TABLE 4______________________________________ Dielectric Dissipation Constant @ 1 GHz Factor @ 1 GHz______________________________________TPX (polymethyl pentene) 2.2 0.00007Noryl (polyphenylene oxide) 2.8 0.0009Propylux (polypropylene) 2.3 0.002Lennite (polyethylene) 2.5 0.0006______________________________________
FIG. 2b illustrates another embodiment of interconnection system 10 showing a plurality of signal lines 88 in flex circuit 36 coupled to signal lines 70 in circuit board 50. It is noted that although exemplary illustrations of flex circuit 36 include one layer of signal lines, it may be desirable to have multiple layers of signal lines for some applications. Furthermore, circuit board 50 may also be made of multiple layers of signal traces.
FIGS. 3a and 3b illustrate an embodiment of circuit board such as 50 in more detail. FIG. 3a is a perspective view of circuit board 50 as described in reference with FIG. 1. FIG. 3b is a side view illustration of circuit board 50 having a plurality of signal lines 70 embedded within the circuit board and coupled to contact pads 56 via through holes 72.
As mentioned before, many existing circuit boards employed in radio frequency related applications incorporate coaxial pin connectors that cannot directly be used in conjunction with an elastomeric compression interconnect so as to couple radio frequency signal lines to a flex circuit. In accordance with one embodiment of the invention, it is desirable to retrofit such coaxial connectors so that an interconnection system described herein may be implemented. FIG. 4 illustrates one such retrofit application, although the invention is not limited in scope in that respect.
FIG. 4 illustrates a circuit board such as 50 having an existing coaxial pin connector 96, which includes a signal pin 92 and annular grounding receptacle 94. In one embodiment of the invention, coaxial pin connector is advantageously modified such that insulating sections 188 are pressed downwardly to below lines 102. An adaptor plug 180 is then inserted over coaxial pins 92 and within the annular grounding receptacle 94 of the coaxial connector. Plug 180 includes a signal connector 84 topped by a contact pad 104. Signal connector 84 couples detachably to pin 92. Adaptor plug 180 includes an annular ground ring 82 that couples to ground pins of coaxial connector 96. The annular ground ring 82 along with contact pad 104 may then be coupled to compression interconnect 40 to form an interconnection system with flex circuit 36 as described above.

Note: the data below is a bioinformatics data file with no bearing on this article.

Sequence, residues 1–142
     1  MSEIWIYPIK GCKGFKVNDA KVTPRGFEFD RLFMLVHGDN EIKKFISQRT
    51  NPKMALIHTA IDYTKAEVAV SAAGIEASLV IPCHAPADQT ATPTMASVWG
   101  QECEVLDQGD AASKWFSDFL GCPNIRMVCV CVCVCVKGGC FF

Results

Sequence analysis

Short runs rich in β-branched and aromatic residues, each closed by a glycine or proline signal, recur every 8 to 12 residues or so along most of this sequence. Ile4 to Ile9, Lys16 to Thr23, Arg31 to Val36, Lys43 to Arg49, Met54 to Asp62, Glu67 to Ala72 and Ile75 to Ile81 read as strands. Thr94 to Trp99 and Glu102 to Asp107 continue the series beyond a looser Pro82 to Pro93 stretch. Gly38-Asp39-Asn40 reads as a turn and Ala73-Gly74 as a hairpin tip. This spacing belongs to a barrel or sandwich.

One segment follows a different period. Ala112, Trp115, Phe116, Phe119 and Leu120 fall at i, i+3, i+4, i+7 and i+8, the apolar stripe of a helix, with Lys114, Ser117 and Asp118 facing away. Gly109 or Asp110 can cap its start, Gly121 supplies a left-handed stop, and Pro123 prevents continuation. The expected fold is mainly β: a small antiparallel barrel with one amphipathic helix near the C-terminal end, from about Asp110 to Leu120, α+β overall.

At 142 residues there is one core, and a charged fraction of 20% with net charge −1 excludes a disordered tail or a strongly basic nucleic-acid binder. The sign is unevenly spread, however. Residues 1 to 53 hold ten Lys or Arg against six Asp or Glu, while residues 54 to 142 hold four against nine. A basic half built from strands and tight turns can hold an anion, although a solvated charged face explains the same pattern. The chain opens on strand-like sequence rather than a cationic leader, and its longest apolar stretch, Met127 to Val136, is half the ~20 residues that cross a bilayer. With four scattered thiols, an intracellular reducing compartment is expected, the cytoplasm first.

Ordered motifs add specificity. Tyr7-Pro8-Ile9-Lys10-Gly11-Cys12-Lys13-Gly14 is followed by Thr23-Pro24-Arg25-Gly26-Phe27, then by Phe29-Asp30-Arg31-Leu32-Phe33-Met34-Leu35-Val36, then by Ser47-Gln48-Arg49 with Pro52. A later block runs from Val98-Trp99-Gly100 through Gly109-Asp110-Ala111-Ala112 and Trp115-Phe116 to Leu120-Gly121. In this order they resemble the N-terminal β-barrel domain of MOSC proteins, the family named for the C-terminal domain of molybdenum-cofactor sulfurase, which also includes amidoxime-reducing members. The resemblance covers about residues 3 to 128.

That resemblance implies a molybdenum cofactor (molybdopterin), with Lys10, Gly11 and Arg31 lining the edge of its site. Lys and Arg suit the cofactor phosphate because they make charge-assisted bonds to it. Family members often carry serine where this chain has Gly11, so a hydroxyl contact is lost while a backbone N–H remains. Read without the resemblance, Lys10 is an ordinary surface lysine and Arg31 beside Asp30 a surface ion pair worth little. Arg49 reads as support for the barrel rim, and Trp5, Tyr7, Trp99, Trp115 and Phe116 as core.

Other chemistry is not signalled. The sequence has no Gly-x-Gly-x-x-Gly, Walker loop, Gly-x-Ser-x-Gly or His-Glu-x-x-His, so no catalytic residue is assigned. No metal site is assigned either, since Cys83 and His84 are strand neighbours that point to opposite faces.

Thus, the present invention allows substantial cost savings for implementing radio frequency distribution fabrics over prior art interconnection systems. Furthermore, the present invention allows the possibility of substantially miniaturizing such radio frequency distribution fabrics.
The foregoing merely illustrates the principles of the inventions. It will thus be appreciated that those skilled in the art will be able to devise various arrangements which, although not explicitly described or shown herein, embody the principles of the invention and are thus within its spirit and scope.
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|U.S. Classification||439/63, 333/260, 439/67|
|International Classification||H01R9/05, H01R12/04, H05K3/32, H01P1/04, H05K3/36|
|Cooperative Classification||H01P1/047, H05K3/325, H05K3/365|
|European Classification||H05K3/36B4, H01P1/04D, H05K3/32C|
|Mar 28, 1996||AS||Assignment|
Owner name: LUCENT TECHNOLOGIES INC., NEW JERSEY
Free format text: ASSIGNMENT OF ASSIGNORS INTEREST;ASSIGNOR:LAMBERT, WILLIAM R.;REEL/FRAME:007934/0438
Effective date: 19960301
|Apr 5, 2001||AS||Assignment|
Owner name: THE CHASE MANHATTAN BANK, AS COLLATERAL AGENT, TEX
Free format text: CONDITIONAL ASSIGNMENT OF AND SECURITY INTEREST IN PATENT RIGHTS;ASSIGNOR:LUCENT TECHNOLOGIES INC. (DE CORPORATION);REEL/FRAME:011722/0048
Effective date: 20010222
|Jan 29, 2002||FPAY||Fee payment|
Year of fee payment: 4
|Mar 8, 2006||REMI||Maintenance fee reminder mailed|
|Aug 18, 2006||LAPS||Lapse for failure to pay maintenance fees|
|Oct 17, 2006||FP||Expired due to failure to pay maintenance fee|
Effective date: 20060818
|Dec 6, 2006||AS||Assignment|
Owner name: LUCENT TECHNOLOGIES INC., NEW JERSEY
Free format text: TERMINATION AND RELEASE OF SECURITY INTEREST IN PATENT RIGHTS;ASSIGNOR:JPMORGAN CHASE BANK, N.A. (FORMERLY KNOWN AS THE CHASE MANHATTAN BANK), AS ADMINISTRATIVE AGENT;REEL/FRAME:018584/0446
Effective date: 20061130